“Ingratitude is treason to mankind.” James Thomson
Thursday, 11 March 2010
(Apropos to nothing: BBC2? Lambing Live? Lambing. Broadcast live. Quality television paid for by your license fee. Thanks!)
My friend AC is obsessed with my marriage plans. Which, I should point out, as yet only exist in her mind.
How was your weekend away? Did he PROPOSE? You're going shopping? For a WEDDING DRESS? Seriously, when are you getting married?
This seems to pop up more since I moved in with the man I'd like to call my other half (it's cute and old-fashionedand "partner"= yuck, etc) but he doesn't like it so I probably shouldn't call him that here.
AC is single and she is just so eligible - pretty, funny, independent, super-smart. Her spelling and grammar are impeccable. (I can't be the only person who finds that really sexy.) I would love to see her meet a nice guy. Not that she can't handle her batchelorette status, just that it's nice to have someone to be nice to you, you know? (If you think of anyone, email a photo. Of his face. Don't be rude.)
Somehow the phrase the 50-year-old bride has become a thing we say to make each other laugh.I said something like "Every girl dreams of being a 50-year-old bride" as in, don't buy your hat yet, no one is asking me. And also, as in, I think maybe strapless is no longer an option.
Now, no offense to anyone who actually was or will be a 50-year-old bride (it could still be me). Nothing at all wrong with that. At 49, it could be a phrase positively full of gleeful anticipation. I'm 42, so it indicates a theoretical event in eight years' time. And it's mainly funny because of the word bride. Who is a bride anymore who is over the age of 30? It's kind of a creepy word. It makes me think of Frankenstein's monster and nuns and human sacrifice. And it's cheerful and spotless and hysterical and youth-obsessed and it means virgin for god's sake.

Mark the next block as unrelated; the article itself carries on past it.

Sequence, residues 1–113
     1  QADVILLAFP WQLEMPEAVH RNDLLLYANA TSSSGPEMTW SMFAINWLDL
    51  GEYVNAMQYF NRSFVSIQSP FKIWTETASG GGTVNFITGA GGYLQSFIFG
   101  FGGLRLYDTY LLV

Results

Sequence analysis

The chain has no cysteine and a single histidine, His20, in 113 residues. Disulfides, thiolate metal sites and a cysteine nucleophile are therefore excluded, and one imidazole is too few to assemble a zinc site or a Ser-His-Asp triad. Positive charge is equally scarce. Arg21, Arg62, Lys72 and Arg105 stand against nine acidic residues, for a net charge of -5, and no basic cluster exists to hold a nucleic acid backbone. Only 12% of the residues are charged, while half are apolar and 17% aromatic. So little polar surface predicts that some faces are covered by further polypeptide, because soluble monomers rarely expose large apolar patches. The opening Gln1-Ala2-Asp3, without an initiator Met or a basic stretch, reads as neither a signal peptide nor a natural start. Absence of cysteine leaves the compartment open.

I'm not that fussed about getting married. I was married once - as a 23-year-old bride - and didn't like it very much and went on to become a 25-year-old divorcee. Then in my mid to late thirties I began seeing men as potential husbands, but I think what I really wanted was someone to lean on so I didn't have to do every damn thing myself. A boyfriend and a diamond would have been nice, never mind the nuptials. Now I have a boyfriend and I would never turn down a diamond - isn't that a pretty basic rule of thumb? never turn down a diamond? - but I am not in a rush is what I'm saying.
(Fyi, I am learning so much about myself here. I'm sexist andageist - my favourite combination of offensive qualities. And I have reduced the future of my fabulously happy relationship to "a boyfriend" and a diamond. Hi honey. I love you. x)
So. That was all backstory and fannying around. Cracking on. After the poop incident it became obvious that I have too many clothes (yes, even after the emergency disposal exercise) and I need to do some decluttering, so I texted her to ask if she could help. ("How about you come over at short notice on your day off and help me complete a menial task. Oh, you're working? What I meant is that if you could please do this with me at a time of your choosing I will give you alcohol. And I will rope in someone else as well to take the pressure off.")
Me: Are you at work today? AC: Sadly, yes. Would much rather be sitting outside Annie's [a local restaurant] with eggs benedict, a glass of champagne and YOU! Me: Well we'll have to earmark another day for that then. And I need some wardrobe help and was hoping I could entice you and [mutual friend] SG with drink. AC: Well you know we have expensive tastes in the alcohol dept nowadays. And I don't think SG gets out of bed for anything less than a roast chicken dinner but you could always try. Is it about your wedding dress? Me: You have a one track mind. Anyway, I already know what I am wearing for the wedding: winceyette and a cardigan. And slippers. AC: Amazing! That's exactly what I'll be wearing. One of us will have to change. Me: If I don't wear my specs I won't notice.
Okay, Lambing Live? My parents are English and my dad grew up on a farm and if it's the same kind of lambing I'm thinking of, well, Jesus, it shouldn't be televised. Ever. And yet, strangely, I want to watch.ReplyDelete
Yes, they could make a thriller called "The Lambing of the Lambs." (That's just silly.)ReplyDelete
"Kate Humble and Adam Henson bring you the latest live from the lambing sheds in Wales."